Your final PhD year: moving towards submission

The final year of your PhD is all about pushing towards submission of your thesis.

So in order to reach that point, you need to go through a process of consolidating and finalising the various aspects of your work.

Complexity vs time

Throughout the course of your PhD, most of the things you do will create more work. The more data you gather, the more analysis you have to do. The more reading you do, the references you find to read. Every question you answer raises many more, and so the complexity of your research will tend to increase over time.


This is a perfectly natural aspect of research, and it can take you to places you never could have planned for, but it also increases the uncertainty involved as more options present themselves for further research.

If you want to finish your PhD then this upward trend has to stop. At some point, you have to stop gathering data, stop investigating new ideas, and you have to start finishing things.

Aiming for submission

Once you submit your thesis, there is nothing more you can do to change it. You can’t add anything, you can’t take anything away. If you have a brilliant new idea, it’s simply too late to include it.

If we work backwards in time from that point; the day before you submit you only have time to make a few small changes. All the central ideas and conclusions need to be in place.

One week before you submit, you might be editing, and there might be a few sections you want to tweak, or maybe you are wrapping up the conclusion, but nothing fundamental is going to change.

So the general trend is that the closer you get to submission, the smaller the changes become. You are no longer exploring new ideas, but consolidating and finalising what you already have. This means that the uncertainty over what you are going to present has to decrease (until it reaches zero)


The tipping point

So the general trend is for research to become more complex and uncertain over time, but in order to finish you need to reduce the complexity.

Therefore, there must be a tipping-point somewhere. A point where you stop creating new work and put what you have into a submissible form.

This means you have to be decisive about what you are going to include and what you are going to leave out. You need to be absolutely certain what your research questions are, what theories your work relies upon, what kind of analysis you are doing, what your main arguments are, and so on.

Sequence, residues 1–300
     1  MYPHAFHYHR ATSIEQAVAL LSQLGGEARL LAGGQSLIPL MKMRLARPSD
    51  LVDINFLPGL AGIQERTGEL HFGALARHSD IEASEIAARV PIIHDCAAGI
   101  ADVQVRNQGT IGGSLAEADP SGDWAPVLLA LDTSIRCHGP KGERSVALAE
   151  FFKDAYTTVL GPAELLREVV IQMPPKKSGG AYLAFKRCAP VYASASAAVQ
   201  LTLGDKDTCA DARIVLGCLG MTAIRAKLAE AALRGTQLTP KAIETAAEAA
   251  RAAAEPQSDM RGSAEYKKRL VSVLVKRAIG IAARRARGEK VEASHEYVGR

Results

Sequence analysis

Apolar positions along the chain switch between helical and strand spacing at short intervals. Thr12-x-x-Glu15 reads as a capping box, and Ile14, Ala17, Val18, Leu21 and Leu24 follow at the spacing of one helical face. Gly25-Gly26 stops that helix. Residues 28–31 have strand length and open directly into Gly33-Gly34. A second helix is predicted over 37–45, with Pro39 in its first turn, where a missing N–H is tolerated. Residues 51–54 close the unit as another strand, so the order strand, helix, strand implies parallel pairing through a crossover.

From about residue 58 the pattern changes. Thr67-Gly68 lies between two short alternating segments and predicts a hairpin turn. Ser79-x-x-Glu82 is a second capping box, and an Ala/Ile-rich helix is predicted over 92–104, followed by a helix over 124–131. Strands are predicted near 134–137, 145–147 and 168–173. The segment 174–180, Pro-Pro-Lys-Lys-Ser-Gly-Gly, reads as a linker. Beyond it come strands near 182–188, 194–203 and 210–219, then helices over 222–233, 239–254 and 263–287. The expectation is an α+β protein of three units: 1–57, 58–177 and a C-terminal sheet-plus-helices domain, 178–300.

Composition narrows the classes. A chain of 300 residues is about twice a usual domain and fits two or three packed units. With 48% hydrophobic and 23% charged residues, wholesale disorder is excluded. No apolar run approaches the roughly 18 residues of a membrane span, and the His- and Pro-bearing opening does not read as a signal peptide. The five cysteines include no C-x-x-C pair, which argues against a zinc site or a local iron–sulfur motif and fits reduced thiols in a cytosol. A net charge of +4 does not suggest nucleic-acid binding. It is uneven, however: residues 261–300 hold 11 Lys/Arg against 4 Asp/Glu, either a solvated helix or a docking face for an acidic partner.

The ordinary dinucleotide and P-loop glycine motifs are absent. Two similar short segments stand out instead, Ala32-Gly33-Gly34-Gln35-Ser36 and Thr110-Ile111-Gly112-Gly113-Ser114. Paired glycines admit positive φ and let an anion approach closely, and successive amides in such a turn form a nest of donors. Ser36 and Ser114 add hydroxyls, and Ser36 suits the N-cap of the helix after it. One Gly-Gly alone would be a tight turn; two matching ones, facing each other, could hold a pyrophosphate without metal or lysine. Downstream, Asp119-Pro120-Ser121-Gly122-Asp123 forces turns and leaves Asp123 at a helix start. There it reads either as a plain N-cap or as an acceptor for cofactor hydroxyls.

Only once you have made those clear decisions can you start the process of finishing. It is about reducing the uncertainty about what you are going to say.


When does the tipping point occur?

The amount of stress in the final months is determined by how close the tipping point is to the submission date.

If you are 2 weeks from submission, and you are uncertain about your analysis, then there is a high degree of uncertainty very late. Since your discussion and conclusions depend upon the analysis, then you won’t be able to commit to anything!


So the earlier you get some certainty about what you want to say and how, the better.

How to apply this practically

  1. Analyse data as early as possible, don’t leave it until you have to write about it
  2. Present and discuss your work early, get feedback
  3. Decide on your strongest material
  4. Decide what not to pursue
  5. Have a rough thesis structure in mind; focus on gathering what you need
  6. Set a date to stop gathering new material/ data
  7. Set a submission date if you don’t already have one
  8. When you write, try to finish each section so that it looks submissible
  9. Stick to what you know best!

How do you know you have enough?

After several years working in the field, you should know what other researchers around the world have done.

Is your work comparable to the average published work in the field? Is it competitive? Does it add something of interest to other academics?

You have to believe it is good enough in order to convince anyone else, and the only way to do this is to look at the published literature.

The risk…

Submitting a thesis means facing the judgement of the examiners. This can be a terrifying thought, but it’s unavoidable.

I dealt with this fear by telling myself that I didn’t care what the examiners thought, and that if I failed then it wouldn’t be the worst thing that could happen and that I would be OK.